Watch: A conversation on preparing for the next pandemic
On Thursday, September 15th, Axios health care editor Tina Reed led conversations with Sen. Todd Young (R-Ind.) and the Centers for Disease Control and Prevention’s Capt. Arjun Srinivasan, MD about the impact and prevalence of antimicrobial resistance and what solutions could tackle this public health issue and add to national pandemic preparedness strategies.
Sen. Todd Young (R-Ind.) said he learned that antimicrobial resistance kills one person every 15 minutes and decided to explore bipartisan policy solutions to prevent those deaths.
- On antibiotic shortages and marketplace stagnation: “Currently, the federal government has an outdated model in compensating the most innovative companies who try to bring to bear the best science and address these challenges…all it takes is one major outbreak to not only lead to the loss of thousands, tens of thousands, perhaps many many more lives lost, but also expenditures to our economy…to deal with it on the back end.”
- On Young’s PASTEUR Act to Fight Antimicrobial Resistance: “What we’re really doing is we’re empowering our leaders at the Centers for Disease Control to work with innovators and to pay for a reliable supply of these novel antimicrobials that are decoupled from the volume of antimicrobials actually used. Right now we pay for volume…what we really need is to have an arsenal of treatments…we want to pay for those successful interventions.”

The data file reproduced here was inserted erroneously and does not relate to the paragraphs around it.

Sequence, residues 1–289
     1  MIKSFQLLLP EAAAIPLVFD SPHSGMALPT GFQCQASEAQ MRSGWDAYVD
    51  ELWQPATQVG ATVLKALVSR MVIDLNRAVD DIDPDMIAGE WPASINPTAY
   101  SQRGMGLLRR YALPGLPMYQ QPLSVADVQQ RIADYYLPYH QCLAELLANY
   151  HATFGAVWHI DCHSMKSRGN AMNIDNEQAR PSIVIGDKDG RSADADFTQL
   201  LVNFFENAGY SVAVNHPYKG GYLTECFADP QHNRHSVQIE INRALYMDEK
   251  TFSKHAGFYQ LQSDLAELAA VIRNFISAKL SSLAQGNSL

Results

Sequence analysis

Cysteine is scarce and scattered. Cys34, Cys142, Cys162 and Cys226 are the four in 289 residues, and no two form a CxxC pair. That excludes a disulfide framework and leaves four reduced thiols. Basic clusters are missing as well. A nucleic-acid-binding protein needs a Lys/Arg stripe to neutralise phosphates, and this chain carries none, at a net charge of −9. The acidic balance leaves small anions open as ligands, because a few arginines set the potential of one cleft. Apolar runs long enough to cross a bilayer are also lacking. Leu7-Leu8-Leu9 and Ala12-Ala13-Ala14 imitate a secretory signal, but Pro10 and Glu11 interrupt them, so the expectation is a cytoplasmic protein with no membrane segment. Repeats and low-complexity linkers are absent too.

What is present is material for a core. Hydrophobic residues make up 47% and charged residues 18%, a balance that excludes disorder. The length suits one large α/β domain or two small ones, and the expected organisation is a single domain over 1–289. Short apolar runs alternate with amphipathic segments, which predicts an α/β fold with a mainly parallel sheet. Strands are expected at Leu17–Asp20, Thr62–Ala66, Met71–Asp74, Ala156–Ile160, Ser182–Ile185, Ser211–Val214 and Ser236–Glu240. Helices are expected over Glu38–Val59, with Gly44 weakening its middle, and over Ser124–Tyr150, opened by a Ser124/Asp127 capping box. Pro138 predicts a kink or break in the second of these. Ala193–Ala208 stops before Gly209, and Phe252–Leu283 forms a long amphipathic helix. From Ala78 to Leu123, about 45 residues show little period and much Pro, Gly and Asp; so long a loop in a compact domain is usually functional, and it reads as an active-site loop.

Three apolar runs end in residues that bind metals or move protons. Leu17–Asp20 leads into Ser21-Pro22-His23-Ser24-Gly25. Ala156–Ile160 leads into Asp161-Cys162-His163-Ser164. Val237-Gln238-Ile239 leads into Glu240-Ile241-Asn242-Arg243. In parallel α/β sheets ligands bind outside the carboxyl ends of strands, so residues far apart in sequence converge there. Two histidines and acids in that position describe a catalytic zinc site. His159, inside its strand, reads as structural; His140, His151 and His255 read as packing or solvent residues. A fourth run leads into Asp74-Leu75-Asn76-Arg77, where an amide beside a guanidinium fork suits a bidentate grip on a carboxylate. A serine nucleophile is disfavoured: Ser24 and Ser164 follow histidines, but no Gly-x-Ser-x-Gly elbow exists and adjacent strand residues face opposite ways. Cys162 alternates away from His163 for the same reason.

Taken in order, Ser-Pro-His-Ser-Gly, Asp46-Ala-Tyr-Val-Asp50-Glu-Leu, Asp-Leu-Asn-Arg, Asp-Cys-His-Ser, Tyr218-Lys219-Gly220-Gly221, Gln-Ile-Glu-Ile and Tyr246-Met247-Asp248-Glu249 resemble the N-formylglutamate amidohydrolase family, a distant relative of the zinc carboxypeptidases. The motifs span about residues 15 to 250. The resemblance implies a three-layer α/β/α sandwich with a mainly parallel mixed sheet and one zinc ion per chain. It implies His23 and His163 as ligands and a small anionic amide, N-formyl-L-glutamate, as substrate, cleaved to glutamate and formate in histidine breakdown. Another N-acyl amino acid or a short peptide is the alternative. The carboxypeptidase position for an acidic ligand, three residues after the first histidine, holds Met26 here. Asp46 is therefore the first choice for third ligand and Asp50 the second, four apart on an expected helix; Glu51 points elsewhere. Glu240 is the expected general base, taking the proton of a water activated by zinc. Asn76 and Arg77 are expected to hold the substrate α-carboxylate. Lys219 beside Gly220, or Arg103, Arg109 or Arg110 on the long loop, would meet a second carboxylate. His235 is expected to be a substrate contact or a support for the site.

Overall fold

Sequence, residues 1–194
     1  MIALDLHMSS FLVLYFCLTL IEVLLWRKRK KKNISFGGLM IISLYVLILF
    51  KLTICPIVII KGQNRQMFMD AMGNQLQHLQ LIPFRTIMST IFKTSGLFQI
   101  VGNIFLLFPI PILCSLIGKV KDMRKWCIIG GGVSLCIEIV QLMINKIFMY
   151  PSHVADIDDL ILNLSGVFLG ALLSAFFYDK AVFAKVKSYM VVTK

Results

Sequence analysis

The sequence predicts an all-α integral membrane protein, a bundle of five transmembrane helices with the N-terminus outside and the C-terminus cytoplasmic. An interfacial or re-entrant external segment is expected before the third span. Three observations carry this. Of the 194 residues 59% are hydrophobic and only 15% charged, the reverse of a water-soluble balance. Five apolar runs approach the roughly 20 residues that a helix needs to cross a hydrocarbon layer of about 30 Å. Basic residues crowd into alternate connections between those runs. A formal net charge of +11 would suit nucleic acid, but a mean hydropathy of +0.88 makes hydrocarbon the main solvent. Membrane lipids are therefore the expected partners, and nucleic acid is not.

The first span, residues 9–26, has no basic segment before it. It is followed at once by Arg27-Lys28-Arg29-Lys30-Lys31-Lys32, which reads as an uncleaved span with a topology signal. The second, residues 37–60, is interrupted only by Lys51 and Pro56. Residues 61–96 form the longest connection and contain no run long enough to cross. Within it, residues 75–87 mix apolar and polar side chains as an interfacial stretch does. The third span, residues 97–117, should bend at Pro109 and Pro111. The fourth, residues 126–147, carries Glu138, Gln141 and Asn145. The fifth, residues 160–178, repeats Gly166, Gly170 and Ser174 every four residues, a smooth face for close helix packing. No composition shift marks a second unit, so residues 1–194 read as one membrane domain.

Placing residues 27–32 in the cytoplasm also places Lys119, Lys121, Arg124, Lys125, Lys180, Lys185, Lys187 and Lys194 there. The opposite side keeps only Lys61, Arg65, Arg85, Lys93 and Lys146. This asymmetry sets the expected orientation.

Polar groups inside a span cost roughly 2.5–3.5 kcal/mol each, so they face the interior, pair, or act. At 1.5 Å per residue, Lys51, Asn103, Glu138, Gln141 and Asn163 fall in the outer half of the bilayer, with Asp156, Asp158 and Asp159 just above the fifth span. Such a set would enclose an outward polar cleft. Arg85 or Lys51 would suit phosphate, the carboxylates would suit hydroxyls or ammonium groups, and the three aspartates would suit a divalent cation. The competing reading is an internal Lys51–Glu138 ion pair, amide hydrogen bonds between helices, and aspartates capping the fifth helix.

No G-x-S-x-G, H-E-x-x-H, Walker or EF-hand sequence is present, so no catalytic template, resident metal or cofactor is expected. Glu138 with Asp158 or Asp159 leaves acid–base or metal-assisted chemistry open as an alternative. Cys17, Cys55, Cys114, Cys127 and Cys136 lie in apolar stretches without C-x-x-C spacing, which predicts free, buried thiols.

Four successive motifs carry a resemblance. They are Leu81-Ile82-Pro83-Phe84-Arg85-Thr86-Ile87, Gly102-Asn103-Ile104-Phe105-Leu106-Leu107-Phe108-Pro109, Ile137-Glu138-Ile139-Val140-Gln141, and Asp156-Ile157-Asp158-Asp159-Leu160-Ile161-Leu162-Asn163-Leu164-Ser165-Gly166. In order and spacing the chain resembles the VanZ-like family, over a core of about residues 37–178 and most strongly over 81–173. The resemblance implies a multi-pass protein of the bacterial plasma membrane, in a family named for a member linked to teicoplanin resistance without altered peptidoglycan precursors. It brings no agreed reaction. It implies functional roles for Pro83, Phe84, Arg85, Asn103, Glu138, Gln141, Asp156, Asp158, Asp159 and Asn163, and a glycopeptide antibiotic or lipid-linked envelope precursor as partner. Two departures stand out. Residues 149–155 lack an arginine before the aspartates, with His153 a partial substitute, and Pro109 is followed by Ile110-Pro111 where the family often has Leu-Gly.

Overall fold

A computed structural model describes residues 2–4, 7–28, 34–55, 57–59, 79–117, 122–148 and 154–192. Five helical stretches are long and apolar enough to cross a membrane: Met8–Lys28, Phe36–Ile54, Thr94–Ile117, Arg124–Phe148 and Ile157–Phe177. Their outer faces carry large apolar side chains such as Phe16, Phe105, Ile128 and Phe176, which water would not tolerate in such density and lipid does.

Capt. Arjun Srinivasan, MD said the threat of antibiotic resistant bacteria, or “superbugs” was a significant public health threat even before the COVID-19 pandemic.
- On how the threat of superbugs has evolved: “This is a huge problem that has been present for quite some time. Before the pandemic we had seen some progress in reducing some of these infections…it’s hard to understate how important those gains were…what we saw during the pandemic was a reversal of many of those gains. There were increases in infections across the board for the resistant pathogens that are most problematic in health care. We saw increases by an average of about 15 percent.”
- On how the pandemic increased the superbug threat: “They are factors you would expect to see in any pandemic. There are a large number of patients who are ill, who need medical care…patients in the hospital for a long length of time, patients who need devices like catheters in their blood streams, many of them needed to be on ventilators. …every one of those factors increases the risk of infections…transmission…all of these factors drove up rates of resistance…infections…it’s really important for us to think about as we get ready for the next pandemic.”
In the View from the Top segment, Erika Satterwhite, head of global policy at Viatris, offered solutions for combatting growing threats of antimicrobial resistance.
- “We can begin by preventing infections in the first place- by furthering efforts around sanitation, hygiene, hospital-based infection control, and vaccination, both for bacterial pathogens directly as well as for viral infections to stop the inappropriate use or overuse of antibiotics…we need collaboration. This is something that no company or entity can tackle on their own. Stakeholders across the board…all need to work together.”
Thank you Viatris for sponsoring this event.